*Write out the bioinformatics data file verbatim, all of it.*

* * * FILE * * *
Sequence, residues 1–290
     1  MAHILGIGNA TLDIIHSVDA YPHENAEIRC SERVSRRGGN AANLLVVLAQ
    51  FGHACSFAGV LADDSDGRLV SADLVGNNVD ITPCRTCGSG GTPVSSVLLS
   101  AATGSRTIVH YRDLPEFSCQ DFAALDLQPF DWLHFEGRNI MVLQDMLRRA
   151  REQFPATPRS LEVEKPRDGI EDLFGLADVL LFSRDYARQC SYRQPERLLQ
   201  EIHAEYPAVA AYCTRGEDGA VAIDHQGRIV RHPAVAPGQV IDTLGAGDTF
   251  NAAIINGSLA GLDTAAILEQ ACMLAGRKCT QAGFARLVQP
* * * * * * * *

Sequence, residues 1–290
     1  MAHILGIGNA TLDIIHSVDA YPHENAEIRC SERVSRRGGN AANLLVVLAQ
    51  FGHACSFAGV LADDSDGRLV SADLVGNNVD ITPCRTCGSG GTPVSSVLLS
   101  AATGSRTIVH YRDLPEFSCQ DFAALDLQPF DWLHFEGRNI MVLQDMLRRA
   151  REQFPATPRS LEVEKPRDGI EDLFGLADVL LFSRDYARQC SYRQPERLLQ
   201  EIHAEYPAVA AYCTRGEDGA VAIDHQGRIV RHPAVAPGQV IDTLGAGDTF
   251  NAAIINGSLA GLDTAAILEQ ACMLAGRKCT QAGFARLVQP